Body Heat as a Source of Energy

Even though solar-, wind-, and hydropower developments have been efficient alternatives to coal power plants and helped foster a cleaner environment, even the most agile renewable energy technologies can fail, hindered by their technical requirements.

The outer terrain & inner evolvement is a process of identical reflection. As long as we retain the poise balance between the two, we are in this to succeed.

Out of respect for the neighbor & gratitude for the planted field under our feet, we are at the stage of re-evaluating our relation to the source of essential needs. It would be wise to say that as much as automated technology gives us freedom of choice to rely on new advancements, yet we cannot be that complacent. Simply because for us to pursue this route of events de-attaches us from ancestral inherited wisdom. It is undeniably a controversial topic to touch upon as we see the split between science innovations & the value of past generations. The outer terrain & inner evolvement is a process of identical reflection. As long as we retain the poise balance between the two, we are in this to succeed.

I hope the information below we’ll give you a niche possibility spectrum. Keeping it away from overwhelming “what can I do?” let’s see what’s already coming our way. 

Despite the current political climate, enterprising developers have been driving the renewable energy market for decades now. But even though solar-, wind-, and hydropower developments have been efficient alternatives to coal power plants and helped foster a cleaner environment, even the most agile renewable energy technologies can fail, hindered by their technical requirements. With wind and solar farms showing characteristics of being inefficient and unreliable, there is a pressing need for increased reliance on novel, even shocking, sources of energy. Because types of materials that can be combusted are abundant, if not unlimited, a greater focus on the reuse of materials past their life cycle could contribute to a decrease in the amount of waste and dependency on finite fossil fuels. After decades of moderate success with recycling, more recently, scientists began looking into technologies that could recapture energy from organic matter. 

As it turns out, the answer may be right in front of us—or perhaps more accurately, inside of us.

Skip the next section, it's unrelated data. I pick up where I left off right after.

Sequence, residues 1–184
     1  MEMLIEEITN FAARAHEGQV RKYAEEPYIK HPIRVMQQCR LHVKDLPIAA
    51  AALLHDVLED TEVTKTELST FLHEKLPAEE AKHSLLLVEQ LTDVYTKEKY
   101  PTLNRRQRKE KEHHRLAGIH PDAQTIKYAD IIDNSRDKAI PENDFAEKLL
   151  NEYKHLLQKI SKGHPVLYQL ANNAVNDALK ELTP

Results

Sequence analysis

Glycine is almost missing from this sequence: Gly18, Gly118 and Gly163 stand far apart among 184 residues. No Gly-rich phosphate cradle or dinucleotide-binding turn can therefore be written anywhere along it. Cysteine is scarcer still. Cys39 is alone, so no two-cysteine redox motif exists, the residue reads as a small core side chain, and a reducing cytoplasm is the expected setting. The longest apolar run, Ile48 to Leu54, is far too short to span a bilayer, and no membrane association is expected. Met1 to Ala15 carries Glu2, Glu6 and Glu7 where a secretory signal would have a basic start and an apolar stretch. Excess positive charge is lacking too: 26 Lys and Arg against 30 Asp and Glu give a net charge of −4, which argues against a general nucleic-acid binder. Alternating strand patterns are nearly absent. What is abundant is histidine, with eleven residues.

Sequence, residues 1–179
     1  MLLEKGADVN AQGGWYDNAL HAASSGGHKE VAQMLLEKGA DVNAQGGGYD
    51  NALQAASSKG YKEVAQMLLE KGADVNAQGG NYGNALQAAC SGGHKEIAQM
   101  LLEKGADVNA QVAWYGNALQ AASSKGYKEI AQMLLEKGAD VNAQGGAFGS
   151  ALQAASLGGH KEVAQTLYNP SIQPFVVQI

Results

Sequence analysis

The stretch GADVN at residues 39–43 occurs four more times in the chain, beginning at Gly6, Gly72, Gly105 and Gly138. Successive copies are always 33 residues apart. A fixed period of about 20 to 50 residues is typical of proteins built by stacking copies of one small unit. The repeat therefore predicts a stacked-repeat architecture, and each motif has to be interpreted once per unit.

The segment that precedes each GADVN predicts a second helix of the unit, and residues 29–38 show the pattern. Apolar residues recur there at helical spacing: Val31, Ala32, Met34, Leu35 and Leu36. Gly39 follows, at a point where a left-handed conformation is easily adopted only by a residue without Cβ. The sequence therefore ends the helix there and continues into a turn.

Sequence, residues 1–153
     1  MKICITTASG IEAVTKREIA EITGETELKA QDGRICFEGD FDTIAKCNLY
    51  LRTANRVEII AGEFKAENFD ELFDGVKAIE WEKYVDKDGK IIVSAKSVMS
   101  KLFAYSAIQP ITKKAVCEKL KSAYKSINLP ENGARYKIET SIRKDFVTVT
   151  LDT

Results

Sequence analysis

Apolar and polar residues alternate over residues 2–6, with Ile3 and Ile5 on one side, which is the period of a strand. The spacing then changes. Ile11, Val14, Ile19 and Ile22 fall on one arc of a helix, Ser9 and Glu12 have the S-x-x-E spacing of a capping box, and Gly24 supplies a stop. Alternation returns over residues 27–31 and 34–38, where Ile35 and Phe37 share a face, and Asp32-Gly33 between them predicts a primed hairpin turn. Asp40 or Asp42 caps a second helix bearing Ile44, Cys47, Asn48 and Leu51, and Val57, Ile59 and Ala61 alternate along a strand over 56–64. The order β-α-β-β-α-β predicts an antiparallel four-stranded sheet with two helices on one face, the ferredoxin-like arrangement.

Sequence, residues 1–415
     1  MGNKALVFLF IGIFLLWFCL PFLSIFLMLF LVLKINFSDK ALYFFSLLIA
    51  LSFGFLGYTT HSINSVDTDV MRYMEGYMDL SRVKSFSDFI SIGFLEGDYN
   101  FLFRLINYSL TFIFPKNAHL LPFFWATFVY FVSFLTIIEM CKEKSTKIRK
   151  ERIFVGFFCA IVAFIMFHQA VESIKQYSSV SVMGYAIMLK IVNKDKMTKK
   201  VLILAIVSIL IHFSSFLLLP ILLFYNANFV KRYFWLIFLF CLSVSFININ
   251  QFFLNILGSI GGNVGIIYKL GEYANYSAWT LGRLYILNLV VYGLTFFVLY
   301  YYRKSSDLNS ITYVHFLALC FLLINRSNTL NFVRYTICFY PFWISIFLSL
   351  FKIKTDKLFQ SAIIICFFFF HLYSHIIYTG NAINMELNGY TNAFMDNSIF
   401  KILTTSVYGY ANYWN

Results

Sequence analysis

The idea of converting the human body’s energy into electricity has tantalized scientists for years:

Fact: A resting individual put out between 100 and 120 watts of energy, enough to power many of the electronics we use: a cell phone (about 1 watt) and your laptop (45 watts). Eighty percent of body power is given off as excess heat. But only in sci-fi fantasies do we see complete capture of this reliable power source.

Thermoelectricity—electricity obtained from heat due to temperature potential differences—is one of the most promising areas of "green energy." This potential difference (the so-called temperature gradients) surrounds us everywhere—a building heated in the sun, a working transport, and yes even the heat of the human body. The problem is that modern thermo-electrochemical cells (thermocells) have a rather low output power. Yet.

Scientists have found solutions to this problem by developing a new type of thermocell consisting of metal oxide electrodes and an aqueous electrolyte. This combination will increase the current, while simultaneously reducing the internal resistance of the element. Due to the use of water, it will give the output an increase in power by 10 to 20 times compared to analogs—up to 0.2 V at an electrode temperature of up to 85° C.

A thin conductive material takes advantage of the temperature difference between its two sides to produce electricity. This is known as the Seebeck effect.

The high Seebeck coefficient allows the heat of the human body to be used as an energy source. There is another significant advantage of the new structure—the use of an aqueous electrolyte reduces the cost of production and increases the safety of the system.

Further, the scientists intend to achieve an increase in the output power by optimizing the composition of the electrode material and improving the design of the thermocell. In the future, it is possible to create a supercapacitor that would retain its charge for a long time.